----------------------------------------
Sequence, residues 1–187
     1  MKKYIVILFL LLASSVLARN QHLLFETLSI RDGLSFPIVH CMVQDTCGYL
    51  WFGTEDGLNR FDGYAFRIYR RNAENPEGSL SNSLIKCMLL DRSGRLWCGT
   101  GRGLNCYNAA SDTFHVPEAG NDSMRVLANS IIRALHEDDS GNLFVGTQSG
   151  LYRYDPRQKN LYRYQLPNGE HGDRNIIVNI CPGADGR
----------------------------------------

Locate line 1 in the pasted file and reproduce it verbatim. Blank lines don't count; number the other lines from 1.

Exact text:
Sequence, residues 1–187